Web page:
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Garden City Trips

A view of people standing in a circle holding hands in a green field

Waldorf School of Garden City Class Trip Curriculum Guide

As an educational facility of The Waldorf School of Garden City, we welcome grades 3-12 every year. These week-long programs dovetail their Waldorf Education with Camp Glen Brook’s unique offerings.

Following is an overview of what each Garden City class trip to Glen Brook focuses on. These focus areas are balanced with the rhythm of daily chores around the kitchen and animals, work periods to improve and maintain the Camp, and free time to relax and play.

Here is a video that speaks a little bit to the importance of the sense of place established over the years at Glen Brook:

Curriculum Topics by Grade

Farming and food preparation: students work on the farm planting and harvesting vegetables, take care of the animals, grind wheat, make bread, churn butter, and enjoy a harvest meal. Students also explore the forest and build shelters, building comfort and confidence for living in the outdoors.

Animals: Students explore the forest and learn about the many animals we have living here. Students learn to walk like the fox, look like the owl, listen like the deer, and use their skills to observe the outdoors.

Botany: The outdoors of Northern New England is the fifth grader’s classroom as students explore the woods, animals, and open fields. They learn about soils, compost, and plant identification.

Astronomy & Geology: Sixth graders visit geologic attractions in the area, and spend time looking at the night sky after hearing ancient constellation stories.

Teamwork: the students participate in group challenges in preparation for going on the high ropes course.

This intensive week in the outdoors is an opportunity for students to engage the body and the will to empower themselves with skills and making new connections. Activities involve building structures for Camp, iron forging, cooking, wood splitting, fire building, and forestry.

Colonial American History: Students live and learn the diverse activities that made up life in colonial New England – from maple sugaring (at the Camp’s sugarhouse), to stone wall building, woodwork and construction technique, and handicrafts.

Together with their buddies in 12th grade, 9th graders climb Gap Mountain, swim in the lake, and work on the farm–rebuilding stone walls, harvesting food from the garden, hauling, splitting, and cutting firewood, working on trails, and taking care of the animals. The act of working on the farm connects the students to food, to the land, and to each other. Everyone has meal chores and eats together family style.  In meetings with faculty advisors, 9th graders focus on preparation for their first year of high school.

In the spring students go on a full-day canoe trip and hike to the summit of Mt. Monadnock.  Students also navigate a low and/or high ropes course, in which they learn ground rules and respectful communications with one another. Students gain confidence in the use of climbing equipment and learn the tangible skills of managing the equipment.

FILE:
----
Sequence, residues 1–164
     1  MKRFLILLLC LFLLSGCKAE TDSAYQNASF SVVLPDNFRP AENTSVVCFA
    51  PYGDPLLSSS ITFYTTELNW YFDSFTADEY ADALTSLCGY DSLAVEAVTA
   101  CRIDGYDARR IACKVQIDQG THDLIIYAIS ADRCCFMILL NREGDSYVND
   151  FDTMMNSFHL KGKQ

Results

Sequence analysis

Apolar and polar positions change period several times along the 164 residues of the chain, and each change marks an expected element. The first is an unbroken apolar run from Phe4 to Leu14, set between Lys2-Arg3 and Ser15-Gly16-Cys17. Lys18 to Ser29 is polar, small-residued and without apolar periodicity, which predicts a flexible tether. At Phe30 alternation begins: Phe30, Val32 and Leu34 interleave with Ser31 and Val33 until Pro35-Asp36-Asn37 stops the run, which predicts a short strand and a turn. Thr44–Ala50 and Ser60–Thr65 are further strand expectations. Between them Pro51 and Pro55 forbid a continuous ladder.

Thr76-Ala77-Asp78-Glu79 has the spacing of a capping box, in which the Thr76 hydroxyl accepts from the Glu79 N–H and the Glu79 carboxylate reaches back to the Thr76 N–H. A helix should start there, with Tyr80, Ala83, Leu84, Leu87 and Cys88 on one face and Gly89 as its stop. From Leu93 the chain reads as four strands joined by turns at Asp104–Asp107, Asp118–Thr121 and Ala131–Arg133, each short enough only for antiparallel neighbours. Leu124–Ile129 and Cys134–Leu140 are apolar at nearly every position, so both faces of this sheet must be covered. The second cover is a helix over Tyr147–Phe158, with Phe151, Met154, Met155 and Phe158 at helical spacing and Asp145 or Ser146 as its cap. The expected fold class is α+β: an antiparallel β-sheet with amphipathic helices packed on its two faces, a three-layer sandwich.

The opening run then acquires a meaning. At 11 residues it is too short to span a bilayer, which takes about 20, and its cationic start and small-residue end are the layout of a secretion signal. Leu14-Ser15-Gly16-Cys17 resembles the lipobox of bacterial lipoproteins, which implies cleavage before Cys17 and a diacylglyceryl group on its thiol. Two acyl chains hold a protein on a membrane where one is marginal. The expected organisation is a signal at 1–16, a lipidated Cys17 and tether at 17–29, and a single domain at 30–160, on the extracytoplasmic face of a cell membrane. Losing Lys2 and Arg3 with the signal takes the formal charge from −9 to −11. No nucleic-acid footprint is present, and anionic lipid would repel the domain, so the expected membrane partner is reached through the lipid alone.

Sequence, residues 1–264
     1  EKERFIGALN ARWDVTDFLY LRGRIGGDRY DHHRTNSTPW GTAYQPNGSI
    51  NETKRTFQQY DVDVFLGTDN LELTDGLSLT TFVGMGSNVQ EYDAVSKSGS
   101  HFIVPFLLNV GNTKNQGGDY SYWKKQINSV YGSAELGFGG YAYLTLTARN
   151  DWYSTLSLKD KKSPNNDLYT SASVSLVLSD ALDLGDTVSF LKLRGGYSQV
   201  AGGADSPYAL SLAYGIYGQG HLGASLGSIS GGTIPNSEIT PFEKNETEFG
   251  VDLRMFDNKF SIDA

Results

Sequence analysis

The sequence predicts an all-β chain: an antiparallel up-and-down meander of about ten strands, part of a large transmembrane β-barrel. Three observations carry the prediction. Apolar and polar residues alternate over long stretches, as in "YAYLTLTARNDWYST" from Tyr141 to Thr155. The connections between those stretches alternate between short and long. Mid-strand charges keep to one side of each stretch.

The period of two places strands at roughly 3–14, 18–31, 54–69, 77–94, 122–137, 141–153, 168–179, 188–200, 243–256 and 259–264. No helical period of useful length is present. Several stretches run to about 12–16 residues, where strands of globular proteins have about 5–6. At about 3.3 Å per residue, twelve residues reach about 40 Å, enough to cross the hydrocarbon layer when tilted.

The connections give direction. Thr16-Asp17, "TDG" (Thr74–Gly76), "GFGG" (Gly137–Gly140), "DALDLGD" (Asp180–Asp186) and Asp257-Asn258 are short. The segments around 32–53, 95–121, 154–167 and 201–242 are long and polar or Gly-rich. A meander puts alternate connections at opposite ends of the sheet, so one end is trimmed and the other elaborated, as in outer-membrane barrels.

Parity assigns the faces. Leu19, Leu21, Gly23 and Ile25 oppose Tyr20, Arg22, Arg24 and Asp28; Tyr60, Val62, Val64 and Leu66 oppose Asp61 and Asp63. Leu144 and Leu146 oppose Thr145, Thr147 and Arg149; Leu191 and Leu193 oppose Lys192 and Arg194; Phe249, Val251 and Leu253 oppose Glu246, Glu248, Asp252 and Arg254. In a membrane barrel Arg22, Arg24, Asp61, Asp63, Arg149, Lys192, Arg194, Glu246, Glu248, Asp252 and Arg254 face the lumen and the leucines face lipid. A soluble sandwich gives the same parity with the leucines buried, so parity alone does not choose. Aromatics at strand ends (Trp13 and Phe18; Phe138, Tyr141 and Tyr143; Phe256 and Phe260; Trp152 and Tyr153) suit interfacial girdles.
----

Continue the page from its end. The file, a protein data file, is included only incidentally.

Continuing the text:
Sophomores hike in the White Mountains, where they spend two nights in an AMC Hut. The hiking trip provides a rigorous physical challenge in an ecosystem unlike any place else
on earth. When the skies are clear, vistas expand to one hundred miles around. This mountain hike gives students an experience that can be emotionally and physically uncomfortable but achievable, and they come down off the trail with a sense of confidence that could not otherwise be achieved.

After an introduction to the history of cartography and orienteering, students learn to use a compass, read a topographical map, and take on navigation challenges through the Glen Brook Forest. For their final challenge, students are equipped with a map, a compass, and food and are dropped off in small groups miles from Camp, from where they navigate their way through the woods to homebase. Students learn to rely on their tools, their senses, and their team to complete the wilderness trek back to Camp.

Seniors enjoy winter sports and activities in Glen Brook’s winter wonderland (cross-country skiing, ice skating, hockey, and sledding). Students reflect on their past educational years, and they anticipate future possibilities as they envision life after high school.  Contemplative exercises invite Seniors to reflect on questions such as “What do I value?” and “How can I, as an individual, contribute to a sense of community?”

Just a few days before Graduation, the Seniors spend a few days in June celebrating and working together at Glen Brook. Students participate in a stewardship project, host a dance in the Barn, create special meals, and design other celebrations which highlight their high school accomplishments. The final trip to Glen Brook allows for closure and is an opportunity for the Seniors to be together and to say farewell to each other.
A large group of campers smiling at the camera on a hike on top of a mountain.